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On Sunday we desert Cemetery Beach and drive 50 kilometres north to meet another part of the Narooma Accretionary Zone, our provocateur Natalie Stokes via her honours thesis. We read the abstract and it actually sounds comprehensible. The whole thesis holds promise of expert guidance to specific details at a specific place, something we badly need after the mylonite debacle.

It’s perfect weather for exploring the rocks around Melville Point, the headland between Tomakin Cove and Barlings Beach. We walk up to the lookout and are swept away in a vast view, westto the mountains of the Great Dividing Range; south over semicircular beaches, chunky islands and blue sea as far as Gulaga; and north along Barlings Beach, backed by new development and a caravan park, to the bushy headland at Guerilla Bay. We are momentarily unbalanced by the sight of a tiny figure on a surfboard, challenging our sense of scale: even more so when a gigantic human figure – in comparison – approaches and plucks it out of the water. Reason then tells us it’s a remote controlled model surfer, but not until reason has been given a thorough shake-up.

The signage around the headland lists the pioneer families; notes the passing of humpback whales between September and November en route to their Antarctic feeding grounds; recounts the presence of 100 convicts in 1840, about the time transportation to Australian stops; and documents the use of Broulee to the south as a harbour until the sea removed the sandspit connecting the island to the mainland. There is no mention of the original inhabitants.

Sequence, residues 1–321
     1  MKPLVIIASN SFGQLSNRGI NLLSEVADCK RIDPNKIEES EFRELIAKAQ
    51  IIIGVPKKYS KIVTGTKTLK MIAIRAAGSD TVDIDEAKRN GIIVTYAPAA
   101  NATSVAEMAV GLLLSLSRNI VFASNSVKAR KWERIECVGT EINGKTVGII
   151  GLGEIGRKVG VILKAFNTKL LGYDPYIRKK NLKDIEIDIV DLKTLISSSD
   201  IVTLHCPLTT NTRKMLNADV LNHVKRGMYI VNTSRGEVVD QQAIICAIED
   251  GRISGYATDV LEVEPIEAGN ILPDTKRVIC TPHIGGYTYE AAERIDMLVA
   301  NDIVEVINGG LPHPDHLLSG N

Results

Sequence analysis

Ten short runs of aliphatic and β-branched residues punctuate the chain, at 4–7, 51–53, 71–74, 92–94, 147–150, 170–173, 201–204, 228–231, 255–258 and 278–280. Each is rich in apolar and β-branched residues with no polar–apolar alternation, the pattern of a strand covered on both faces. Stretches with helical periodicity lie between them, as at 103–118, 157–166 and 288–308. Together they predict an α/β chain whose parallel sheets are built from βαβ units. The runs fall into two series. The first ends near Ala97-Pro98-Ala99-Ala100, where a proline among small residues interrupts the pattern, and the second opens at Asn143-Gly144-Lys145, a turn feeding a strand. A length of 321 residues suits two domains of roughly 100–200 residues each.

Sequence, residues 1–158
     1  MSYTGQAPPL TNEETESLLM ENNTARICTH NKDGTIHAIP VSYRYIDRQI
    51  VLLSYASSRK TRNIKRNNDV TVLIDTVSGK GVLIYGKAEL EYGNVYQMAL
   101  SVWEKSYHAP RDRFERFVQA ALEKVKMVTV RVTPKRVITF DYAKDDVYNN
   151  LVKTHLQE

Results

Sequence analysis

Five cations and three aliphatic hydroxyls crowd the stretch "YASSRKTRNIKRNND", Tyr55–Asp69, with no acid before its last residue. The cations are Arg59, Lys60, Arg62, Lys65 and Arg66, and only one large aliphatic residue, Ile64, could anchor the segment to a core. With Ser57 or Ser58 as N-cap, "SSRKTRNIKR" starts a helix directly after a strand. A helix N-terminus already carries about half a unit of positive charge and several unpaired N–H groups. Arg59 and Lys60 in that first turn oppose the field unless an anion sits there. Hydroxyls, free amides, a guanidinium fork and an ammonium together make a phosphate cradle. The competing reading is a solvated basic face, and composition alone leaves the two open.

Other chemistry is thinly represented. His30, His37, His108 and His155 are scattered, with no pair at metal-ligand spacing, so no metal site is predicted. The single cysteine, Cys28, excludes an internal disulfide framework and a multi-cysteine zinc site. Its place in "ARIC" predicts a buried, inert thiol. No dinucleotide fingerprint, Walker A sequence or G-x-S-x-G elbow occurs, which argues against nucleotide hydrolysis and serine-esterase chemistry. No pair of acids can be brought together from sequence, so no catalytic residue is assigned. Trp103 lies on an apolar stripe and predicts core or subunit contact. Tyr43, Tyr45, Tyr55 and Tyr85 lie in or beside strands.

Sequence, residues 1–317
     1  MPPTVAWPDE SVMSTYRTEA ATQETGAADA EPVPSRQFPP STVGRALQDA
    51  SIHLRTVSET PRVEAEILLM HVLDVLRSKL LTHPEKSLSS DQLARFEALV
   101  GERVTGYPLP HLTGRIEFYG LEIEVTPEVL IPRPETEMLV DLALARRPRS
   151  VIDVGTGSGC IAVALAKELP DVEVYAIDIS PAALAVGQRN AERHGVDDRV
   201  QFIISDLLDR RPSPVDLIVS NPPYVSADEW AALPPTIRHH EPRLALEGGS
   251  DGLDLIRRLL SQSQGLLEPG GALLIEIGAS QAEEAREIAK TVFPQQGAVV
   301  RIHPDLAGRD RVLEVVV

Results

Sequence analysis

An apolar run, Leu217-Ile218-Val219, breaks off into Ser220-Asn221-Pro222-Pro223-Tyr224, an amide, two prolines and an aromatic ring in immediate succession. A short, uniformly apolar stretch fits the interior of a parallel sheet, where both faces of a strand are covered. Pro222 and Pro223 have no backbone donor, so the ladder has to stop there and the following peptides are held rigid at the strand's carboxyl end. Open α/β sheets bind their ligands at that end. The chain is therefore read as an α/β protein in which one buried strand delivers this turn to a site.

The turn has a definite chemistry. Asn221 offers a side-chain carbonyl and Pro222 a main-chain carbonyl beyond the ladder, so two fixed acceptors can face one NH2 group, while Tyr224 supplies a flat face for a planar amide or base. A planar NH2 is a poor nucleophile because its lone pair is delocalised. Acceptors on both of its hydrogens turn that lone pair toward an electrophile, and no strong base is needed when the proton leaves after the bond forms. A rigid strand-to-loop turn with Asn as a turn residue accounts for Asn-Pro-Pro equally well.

We make our way down a track cut into what may well be a midden to the rock platforms at the base of Melville Point. Bright orange rocks stretch out to cerulean sea.

To begin with the rock platform is flattish and easy to negotiate, but then sharp-edged rocky spurs rise, separated by rock pools covered with neptune’s necklace. J is out of sight, despite a still-dodgy leg. I, who managed to fall over getting out of bed this morning, am less confident and far less agile.

I’m almost stopped at a point where I need to sit down to lower myself to the next level, but J’s mad arm-waving suggests there’s something worth seeing and I persist. I tread gingerly till I reach a jumble of large rocks where I tread even more gingerly as they move beneath my feet. At last I’m walking on smaller pebbles at the base of a spectacular cliff.

There are stripes of maroon, ochre, blue, green, opalescent, brown, cream: a large circular pattern in a square; chevrons; rock broken into small rectangles. So many shapes and textures and colours. In a cave tucked under the cliffs someone has placed chairs and a small plastic table: we imagine sitting there under the full moon as the sea roars in.

Each ridge jutting out reveals more rock beauty, and foot challenges. Any expected similarity to Cemetery Beach has been well and truly knocked on the head by now. What we’re seeing we’ve never seen before.

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We’re well around the headland, and I’m hopeful that we’ll actually get all the way around, something I’ve rarely managed with a headland before. J returns to offer me a steadying hand and we negotiate the last pools before the northern rock face, at the south end of Barlings Beach, which is far less worn away than the area we have just walked through.



The sun is full on the cliff, and the sky very blue above. Our last pleasure is a formation reminiscent of a stained glass window, circles marked with a mosaic of marbled rock.

We are sated with beauty and sunshine – and no further forward in our search for geological enlightenment.